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Divine Wisdom #1

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1. [64.] THE DIVINE WISDOM

I. THE DIVINE WISDOM, IN THE HEAVENS BEFORE THE SIGHT OF ANGELS, IS SEEN AS LIGHT

In the Lord there is Love and there is Wisdom: Love in Him is Being (Esse), and Wisdom in Him is Existing (Existere) 1 ; nevertheless, these in Him are not two, but one; for the Wisdom is of the Love, and the Love is of the Wisdom, and by reason of this union, which is reciprocal, there results a One. This One is the Divine Love that in the heavens becomes visible to angels as a Sun. The reciprocal union of the Divine Wisdom and the Divine Love is meant by these words of the Lord:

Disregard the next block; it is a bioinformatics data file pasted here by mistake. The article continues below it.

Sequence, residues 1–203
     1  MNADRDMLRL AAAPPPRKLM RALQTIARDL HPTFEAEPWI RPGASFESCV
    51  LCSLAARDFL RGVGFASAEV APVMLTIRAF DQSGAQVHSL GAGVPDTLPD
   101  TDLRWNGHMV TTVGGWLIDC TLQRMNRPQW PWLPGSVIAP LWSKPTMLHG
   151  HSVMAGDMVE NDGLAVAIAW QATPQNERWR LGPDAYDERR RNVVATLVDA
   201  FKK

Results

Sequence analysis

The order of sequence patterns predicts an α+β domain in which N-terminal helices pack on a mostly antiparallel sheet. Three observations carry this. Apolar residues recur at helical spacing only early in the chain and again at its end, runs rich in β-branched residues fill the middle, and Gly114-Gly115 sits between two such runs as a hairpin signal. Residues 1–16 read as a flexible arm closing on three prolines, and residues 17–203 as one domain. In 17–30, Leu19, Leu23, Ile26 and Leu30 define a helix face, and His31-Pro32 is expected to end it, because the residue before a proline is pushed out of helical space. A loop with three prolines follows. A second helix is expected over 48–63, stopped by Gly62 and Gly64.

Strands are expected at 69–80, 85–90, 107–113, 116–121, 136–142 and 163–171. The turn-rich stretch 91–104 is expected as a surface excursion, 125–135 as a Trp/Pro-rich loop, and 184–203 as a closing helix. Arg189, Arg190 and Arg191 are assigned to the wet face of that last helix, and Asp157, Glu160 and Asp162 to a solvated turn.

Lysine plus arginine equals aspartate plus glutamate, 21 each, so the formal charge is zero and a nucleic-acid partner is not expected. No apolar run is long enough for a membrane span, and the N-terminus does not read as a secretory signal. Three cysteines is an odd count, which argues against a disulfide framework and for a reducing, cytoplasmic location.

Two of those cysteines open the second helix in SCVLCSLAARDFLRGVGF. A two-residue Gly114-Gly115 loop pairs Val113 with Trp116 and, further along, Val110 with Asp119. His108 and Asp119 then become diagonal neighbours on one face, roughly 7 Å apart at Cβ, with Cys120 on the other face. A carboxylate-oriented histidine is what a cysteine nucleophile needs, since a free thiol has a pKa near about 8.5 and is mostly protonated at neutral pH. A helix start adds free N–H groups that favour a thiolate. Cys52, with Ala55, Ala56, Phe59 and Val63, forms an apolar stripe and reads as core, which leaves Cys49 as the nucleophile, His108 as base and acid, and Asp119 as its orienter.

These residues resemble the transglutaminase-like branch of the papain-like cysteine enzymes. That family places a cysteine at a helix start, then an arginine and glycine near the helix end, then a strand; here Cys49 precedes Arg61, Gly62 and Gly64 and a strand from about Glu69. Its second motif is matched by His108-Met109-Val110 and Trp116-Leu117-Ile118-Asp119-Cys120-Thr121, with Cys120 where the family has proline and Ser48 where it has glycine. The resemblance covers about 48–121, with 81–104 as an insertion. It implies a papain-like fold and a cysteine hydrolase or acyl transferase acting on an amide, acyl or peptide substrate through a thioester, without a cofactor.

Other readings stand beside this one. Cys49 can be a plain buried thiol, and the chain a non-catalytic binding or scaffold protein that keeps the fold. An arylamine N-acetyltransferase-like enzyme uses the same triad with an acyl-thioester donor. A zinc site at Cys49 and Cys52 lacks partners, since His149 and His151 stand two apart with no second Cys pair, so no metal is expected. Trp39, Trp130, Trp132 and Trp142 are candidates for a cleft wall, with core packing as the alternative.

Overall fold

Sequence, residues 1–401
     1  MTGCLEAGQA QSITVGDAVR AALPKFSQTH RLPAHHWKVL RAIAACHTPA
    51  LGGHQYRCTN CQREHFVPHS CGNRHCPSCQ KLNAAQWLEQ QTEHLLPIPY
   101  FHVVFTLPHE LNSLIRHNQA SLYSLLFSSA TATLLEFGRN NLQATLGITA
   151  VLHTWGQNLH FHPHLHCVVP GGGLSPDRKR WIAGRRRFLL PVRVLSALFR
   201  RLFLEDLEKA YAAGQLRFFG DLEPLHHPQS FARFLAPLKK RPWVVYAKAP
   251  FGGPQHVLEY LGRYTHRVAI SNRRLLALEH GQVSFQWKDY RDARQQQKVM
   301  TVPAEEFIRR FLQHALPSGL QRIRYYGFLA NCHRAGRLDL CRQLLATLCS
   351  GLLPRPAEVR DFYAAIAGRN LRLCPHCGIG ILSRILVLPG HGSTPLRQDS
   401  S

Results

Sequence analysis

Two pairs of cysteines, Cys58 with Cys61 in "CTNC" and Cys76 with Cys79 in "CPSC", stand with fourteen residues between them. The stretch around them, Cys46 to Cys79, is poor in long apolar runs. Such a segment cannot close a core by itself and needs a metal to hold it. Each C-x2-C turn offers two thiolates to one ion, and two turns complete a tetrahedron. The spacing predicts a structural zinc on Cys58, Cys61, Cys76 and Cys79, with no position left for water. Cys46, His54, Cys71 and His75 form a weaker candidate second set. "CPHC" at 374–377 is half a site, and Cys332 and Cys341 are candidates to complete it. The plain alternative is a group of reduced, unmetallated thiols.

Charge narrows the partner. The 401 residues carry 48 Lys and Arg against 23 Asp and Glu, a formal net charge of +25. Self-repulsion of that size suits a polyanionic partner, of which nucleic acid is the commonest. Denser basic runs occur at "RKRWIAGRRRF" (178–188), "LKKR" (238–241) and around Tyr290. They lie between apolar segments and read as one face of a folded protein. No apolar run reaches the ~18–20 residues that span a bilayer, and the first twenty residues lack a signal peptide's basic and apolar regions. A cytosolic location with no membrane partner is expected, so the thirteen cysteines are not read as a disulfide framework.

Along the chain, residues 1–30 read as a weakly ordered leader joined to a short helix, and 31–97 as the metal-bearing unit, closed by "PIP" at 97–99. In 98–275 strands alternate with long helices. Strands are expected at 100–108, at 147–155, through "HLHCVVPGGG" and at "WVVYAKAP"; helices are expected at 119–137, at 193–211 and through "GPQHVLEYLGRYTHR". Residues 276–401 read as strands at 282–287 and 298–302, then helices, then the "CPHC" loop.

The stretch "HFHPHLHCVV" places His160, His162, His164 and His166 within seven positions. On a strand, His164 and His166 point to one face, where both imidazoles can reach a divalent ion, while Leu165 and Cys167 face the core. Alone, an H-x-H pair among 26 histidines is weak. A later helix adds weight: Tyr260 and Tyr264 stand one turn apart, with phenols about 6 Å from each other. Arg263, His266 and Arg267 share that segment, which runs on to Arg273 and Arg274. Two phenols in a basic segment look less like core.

Believest thou not, Philip, that I am in the Father, and the Father is in Me? Believe Me that I am in the Father and the Father is in Me (John 14:10-11).

Also:

I and the Father are one (John 10:30).

[65.] These two things, which in the Lord are a One, do indeed proceed forth as two distinct things from Himself as a Sun, the Wisdom as light and the Love as heat; yet it is only to outward appearance that they proceed forth as two distinct things: in themselves they are not distinct, the light being of the heat, and the heat being of the light; for just as they are one in the Sun, so they are one in the least point. That which proceeds forth from the Sun is also the Sun in the least parts of it, and consequently is the Sun universally in every point. The expressions "every point" and "least part" are used, but spatial points and spatial parts are not meant, for there is nothing of space in what is Divine, this being spiritual, not natural.